Peter hits the Goblin with a bag full of pumpkin bombs and he vanishes in a fiery explosion...but he just got back, so we know he'll be sticking around for a while now. Peter tends to the dying Ben, whose body suddenly undergoes the "degeneration" process, revealing beyond all doubt that he had always been the clone. One loss leads to another - the battered Peter finally arrives at the hospital only to hear that baby May is apparently dead. There's another issue after this where Peter and Mary Jane try to cope with the horrible loss of both Ben and the baby. The writers try to get some uplift in there, but it doesn't work. It's brutally sad. There's also a little subplot about the Chameleon, but that doesn't really matter because the Clone Saga is officially over!
Let's take a detailed look at the ending - what was done right and what didn't work?
-Obviously, the most important accomplishment of the finale was that it reinstated Peter Parker as the true Spider-Man. The Revelation that Nobody Wanted was finally undone.
-Bringing Norman Osborn back was actually pretty awesome. The Clone Saga had gotten so convoluted that there were precious few characters devious enough to pull off a scheme like that. In fact, Spider-Man himself had been lacking a real arch-enemy for a while. It's not like Venom has the intellect to manage something like this.
-The presumed death of Baby May would have been a truly epic story premise...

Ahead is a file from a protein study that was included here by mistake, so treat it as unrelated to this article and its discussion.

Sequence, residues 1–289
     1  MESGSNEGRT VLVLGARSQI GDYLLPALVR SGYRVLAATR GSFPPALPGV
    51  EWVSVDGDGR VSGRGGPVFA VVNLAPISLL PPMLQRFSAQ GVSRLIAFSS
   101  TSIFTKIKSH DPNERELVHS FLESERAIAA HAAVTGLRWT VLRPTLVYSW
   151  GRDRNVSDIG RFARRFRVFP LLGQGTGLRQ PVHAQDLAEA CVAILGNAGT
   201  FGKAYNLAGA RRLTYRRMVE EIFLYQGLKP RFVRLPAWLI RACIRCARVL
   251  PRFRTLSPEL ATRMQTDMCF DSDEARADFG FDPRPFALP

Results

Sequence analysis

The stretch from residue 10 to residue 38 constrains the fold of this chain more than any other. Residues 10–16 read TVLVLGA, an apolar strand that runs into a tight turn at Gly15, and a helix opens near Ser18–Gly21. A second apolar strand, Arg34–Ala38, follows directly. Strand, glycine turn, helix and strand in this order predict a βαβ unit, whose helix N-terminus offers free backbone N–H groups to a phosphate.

...if Marvel hadn't completely botched it in the coming years. Despite the best efforts of the great Spidey-writer Tom DeFalco, the editorial staff squelched this subplot and then the absolutely terrible "One More Day" thing made it irrelevant. But more on that next time. Yeah, there's gonna be one more entry, we gotta talk about the legacy of this saga and how it has been perceived over the years.
-Actually killing Ben Reilly was a step too far. The fans didn't want him dead, we just didn't want him to replace Peter. We still liked the guy, he'd been in the comics for over two years at this point! One of the main problems with 90s Spider-Man was that the writers kept killing off longtime supporting characters to create "events" and sell more comics. The problem was that Spidey's world was a lot less interesting without all these folks. Ben could have helped turn that around, but now he was gone too. I suppose the rationale was that the writers wanted to assure the readers that under no circumstances would Ben be declared the original Parker again, but there were other ways to do that. Just another genetic test by someone of unimpeachable moral character - Reed Richards, maybe?
This collection has a few more goodies before it ends. The "Osborn Journal" attempts, with mostly success, to explain just how Norman Osborn planned the entire scheme. After that is "101 Ways to End the Clone Saga," an in-house parody of the difficulty Marvel writers had with the storyline. The final story is "Dead Man's Hand," a convoluted tale of the villain Carrion, whose continuity was in conflict with the events of the Clone Saga. This story was an effort to set things straight, but I think very few fans even thought about it with everything else going on during the saga.
It would be nice to say that the Spider-Man comics got back on track once the Clone Saga was finally over. Unfortunately, things eventually got much worse...but that's a story for another day. In the final entry of this series, I'll go into the saga's legacy and some of the important storylines that came in its aftermath.